Brian Frink is an artist that lives in rural, southern Minnesota. He is also the founder of the Rural America Contemporary Art Institute, or RACAi. Brian is also a professor of painting and drawing at Minnesota State University, Mankato.
Originally from Illinois, Brian and his wife Wilbur grew up near Chicago. From 1979 through 1984 they lived in Williamsburg, Brooklyn, early pioneers of that vibrant art community. In 1985 Brian started his graduate studies at the University of Wisconsin, Madison, then in 1989 he began his academic career at MSU, M.
In 1998 Wilbur and Brian purchased the Blue Earth County poor farm. Located south of Mankato, the now named Poor Farm Studios is a nine thousand square foot building in the middle of cornfields and woods. Brian and Wilbur have their respective studios and creative spaces here. It is also where the RACAi headquarters are located.
Their art and their lives coexist with the rhythms of nature and the surrounding agricultural community.
Re-Thinking The Rural Arts
Day 2 / Apr, 13 @ 10:30 am
Lower Level : Room C
Rural America is undergoing a period of dramatic cultural and demographic change. Its people are poised to take agency over their own narrative, as new media is allowing for the open and decentralized sharing of stories – from next door to across the continent. In concert with this, interest in sustainable and local food systems has leant a visibility, and a cultural and economic force, to a rural landscape often relegated to distorting pastoral clichés.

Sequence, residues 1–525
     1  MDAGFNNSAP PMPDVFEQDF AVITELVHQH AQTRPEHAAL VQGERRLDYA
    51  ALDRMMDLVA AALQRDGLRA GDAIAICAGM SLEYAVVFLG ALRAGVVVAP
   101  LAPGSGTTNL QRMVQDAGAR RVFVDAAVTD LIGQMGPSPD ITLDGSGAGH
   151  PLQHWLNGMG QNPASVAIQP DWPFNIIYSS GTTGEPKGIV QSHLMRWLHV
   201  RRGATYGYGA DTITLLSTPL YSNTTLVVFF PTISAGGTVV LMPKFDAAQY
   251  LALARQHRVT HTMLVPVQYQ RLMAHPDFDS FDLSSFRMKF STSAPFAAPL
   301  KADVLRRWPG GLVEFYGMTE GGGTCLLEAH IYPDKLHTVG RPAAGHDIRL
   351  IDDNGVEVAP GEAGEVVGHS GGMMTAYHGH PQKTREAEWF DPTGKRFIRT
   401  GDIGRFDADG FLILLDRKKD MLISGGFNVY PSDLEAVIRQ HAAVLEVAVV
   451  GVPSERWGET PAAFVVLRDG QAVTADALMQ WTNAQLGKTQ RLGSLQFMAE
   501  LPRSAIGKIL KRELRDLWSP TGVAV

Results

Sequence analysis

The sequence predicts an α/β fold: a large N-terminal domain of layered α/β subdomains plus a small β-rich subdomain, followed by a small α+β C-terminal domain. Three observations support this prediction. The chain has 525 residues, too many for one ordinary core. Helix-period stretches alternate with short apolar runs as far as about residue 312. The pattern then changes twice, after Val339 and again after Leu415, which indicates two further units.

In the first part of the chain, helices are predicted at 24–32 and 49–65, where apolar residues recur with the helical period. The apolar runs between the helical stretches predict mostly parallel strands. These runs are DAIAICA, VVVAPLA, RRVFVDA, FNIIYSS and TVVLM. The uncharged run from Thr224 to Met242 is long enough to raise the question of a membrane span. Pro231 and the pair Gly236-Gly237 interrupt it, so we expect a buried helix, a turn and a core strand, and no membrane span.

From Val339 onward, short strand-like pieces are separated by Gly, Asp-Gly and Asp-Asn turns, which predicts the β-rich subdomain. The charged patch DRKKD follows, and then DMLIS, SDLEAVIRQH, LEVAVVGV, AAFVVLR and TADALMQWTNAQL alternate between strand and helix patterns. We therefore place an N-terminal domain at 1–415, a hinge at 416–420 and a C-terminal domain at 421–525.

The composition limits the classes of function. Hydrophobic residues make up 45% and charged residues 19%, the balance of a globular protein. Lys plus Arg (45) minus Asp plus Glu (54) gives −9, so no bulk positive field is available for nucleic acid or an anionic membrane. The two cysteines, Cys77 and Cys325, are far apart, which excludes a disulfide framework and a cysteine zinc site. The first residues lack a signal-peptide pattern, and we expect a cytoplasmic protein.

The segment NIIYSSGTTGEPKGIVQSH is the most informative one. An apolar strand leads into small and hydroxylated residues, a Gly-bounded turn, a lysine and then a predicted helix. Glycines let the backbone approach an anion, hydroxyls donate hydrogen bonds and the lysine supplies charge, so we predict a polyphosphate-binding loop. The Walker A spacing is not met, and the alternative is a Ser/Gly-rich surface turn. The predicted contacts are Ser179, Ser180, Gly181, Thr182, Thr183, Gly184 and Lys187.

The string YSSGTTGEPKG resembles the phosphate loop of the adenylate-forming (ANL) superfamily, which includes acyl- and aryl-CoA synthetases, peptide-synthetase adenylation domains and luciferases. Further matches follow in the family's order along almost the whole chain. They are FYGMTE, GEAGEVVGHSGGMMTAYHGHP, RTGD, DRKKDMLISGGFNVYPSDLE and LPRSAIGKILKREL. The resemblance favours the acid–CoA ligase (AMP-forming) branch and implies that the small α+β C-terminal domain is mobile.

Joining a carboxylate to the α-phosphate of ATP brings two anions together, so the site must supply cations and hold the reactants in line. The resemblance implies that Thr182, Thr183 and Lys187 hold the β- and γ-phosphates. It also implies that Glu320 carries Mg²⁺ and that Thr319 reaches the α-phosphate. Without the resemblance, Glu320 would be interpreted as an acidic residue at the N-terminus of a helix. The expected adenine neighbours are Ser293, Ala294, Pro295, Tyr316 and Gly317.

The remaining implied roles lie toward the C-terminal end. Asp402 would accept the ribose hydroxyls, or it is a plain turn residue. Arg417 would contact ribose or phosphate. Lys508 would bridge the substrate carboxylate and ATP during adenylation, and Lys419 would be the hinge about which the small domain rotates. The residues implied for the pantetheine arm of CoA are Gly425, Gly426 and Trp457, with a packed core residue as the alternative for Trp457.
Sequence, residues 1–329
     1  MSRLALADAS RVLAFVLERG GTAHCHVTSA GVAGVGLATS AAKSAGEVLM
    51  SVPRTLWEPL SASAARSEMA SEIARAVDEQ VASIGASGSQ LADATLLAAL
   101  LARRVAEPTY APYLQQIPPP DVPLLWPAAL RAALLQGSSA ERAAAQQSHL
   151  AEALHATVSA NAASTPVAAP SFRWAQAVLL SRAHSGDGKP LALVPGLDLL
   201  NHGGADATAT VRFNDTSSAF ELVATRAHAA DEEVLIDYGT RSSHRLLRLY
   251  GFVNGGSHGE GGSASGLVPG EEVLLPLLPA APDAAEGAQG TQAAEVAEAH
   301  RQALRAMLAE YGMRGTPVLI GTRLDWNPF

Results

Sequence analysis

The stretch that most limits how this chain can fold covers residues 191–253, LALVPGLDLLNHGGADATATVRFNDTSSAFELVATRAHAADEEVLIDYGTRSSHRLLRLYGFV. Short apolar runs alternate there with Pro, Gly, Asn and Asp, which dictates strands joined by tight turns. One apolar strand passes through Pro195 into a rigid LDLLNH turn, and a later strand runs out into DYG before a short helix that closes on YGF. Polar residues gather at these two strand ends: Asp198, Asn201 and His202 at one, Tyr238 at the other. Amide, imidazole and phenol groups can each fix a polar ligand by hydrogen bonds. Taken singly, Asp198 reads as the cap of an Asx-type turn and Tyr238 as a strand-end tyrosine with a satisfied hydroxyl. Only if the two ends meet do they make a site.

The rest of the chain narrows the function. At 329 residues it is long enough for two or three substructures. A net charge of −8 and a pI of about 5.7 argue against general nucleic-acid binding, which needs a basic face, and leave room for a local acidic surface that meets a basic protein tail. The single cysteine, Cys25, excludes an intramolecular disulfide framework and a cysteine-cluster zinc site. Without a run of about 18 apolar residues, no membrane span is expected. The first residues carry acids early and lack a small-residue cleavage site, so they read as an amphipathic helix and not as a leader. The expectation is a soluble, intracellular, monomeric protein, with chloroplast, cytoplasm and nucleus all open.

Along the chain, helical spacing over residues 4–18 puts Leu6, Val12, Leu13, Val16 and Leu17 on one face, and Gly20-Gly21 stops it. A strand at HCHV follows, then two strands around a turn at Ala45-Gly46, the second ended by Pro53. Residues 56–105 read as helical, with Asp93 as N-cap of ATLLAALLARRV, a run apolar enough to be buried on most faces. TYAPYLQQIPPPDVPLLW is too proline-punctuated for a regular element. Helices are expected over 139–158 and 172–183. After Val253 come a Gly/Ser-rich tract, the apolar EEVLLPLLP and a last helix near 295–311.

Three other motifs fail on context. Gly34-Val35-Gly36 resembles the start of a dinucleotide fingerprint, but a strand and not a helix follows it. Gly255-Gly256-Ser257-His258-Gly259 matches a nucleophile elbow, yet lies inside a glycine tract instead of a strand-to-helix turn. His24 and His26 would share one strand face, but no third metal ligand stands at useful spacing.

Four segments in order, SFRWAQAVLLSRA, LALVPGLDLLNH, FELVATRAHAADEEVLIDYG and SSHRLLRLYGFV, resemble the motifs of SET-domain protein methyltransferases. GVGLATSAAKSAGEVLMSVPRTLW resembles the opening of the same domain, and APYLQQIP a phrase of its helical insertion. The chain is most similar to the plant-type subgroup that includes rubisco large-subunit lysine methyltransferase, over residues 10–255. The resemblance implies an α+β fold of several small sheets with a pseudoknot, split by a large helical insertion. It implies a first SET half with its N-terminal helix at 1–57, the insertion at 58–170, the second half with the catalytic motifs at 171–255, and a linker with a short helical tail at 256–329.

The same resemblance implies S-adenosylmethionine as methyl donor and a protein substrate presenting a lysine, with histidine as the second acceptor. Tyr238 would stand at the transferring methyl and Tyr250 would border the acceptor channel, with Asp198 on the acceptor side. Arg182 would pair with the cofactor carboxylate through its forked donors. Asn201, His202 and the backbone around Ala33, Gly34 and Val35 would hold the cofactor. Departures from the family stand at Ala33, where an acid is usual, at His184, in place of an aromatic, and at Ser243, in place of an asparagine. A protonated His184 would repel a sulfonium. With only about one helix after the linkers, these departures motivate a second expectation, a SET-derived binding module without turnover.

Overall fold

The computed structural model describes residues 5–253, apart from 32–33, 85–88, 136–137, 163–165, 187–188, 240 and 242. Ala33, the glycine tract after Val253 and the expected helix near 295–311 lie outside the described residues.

These dynamic possibilities offer a moving and multi-layered metaphor for the kinds of work to be created in rural America, as artists and community members are working across disciplines to re-think and re-imagine rural America – and to make connections to their partners in urban and international locales.
This panel presents the work of four dynamic artists and community leaders who are offering a new vision for the role of the arts in rural America. By connecting across disciplines and across geographic regions, these practitioners are examples of how serious aesthetic work can also function as an engine for social change and community development.
Polly Atwell: writer, critic, and author of the novel Wild Girls (Scribner, 2013); Matthew Fluharty (moderator): poet, editor, and founder of The Art of the Rural; Brian Frink: artist, professor, and founder of Rural America Contemporary Artists; Rachel Reynolds Luster: musician, folklorist, and founder of HomeCorps; Richard Saxton: artist, professor, and founder of the M12 art collective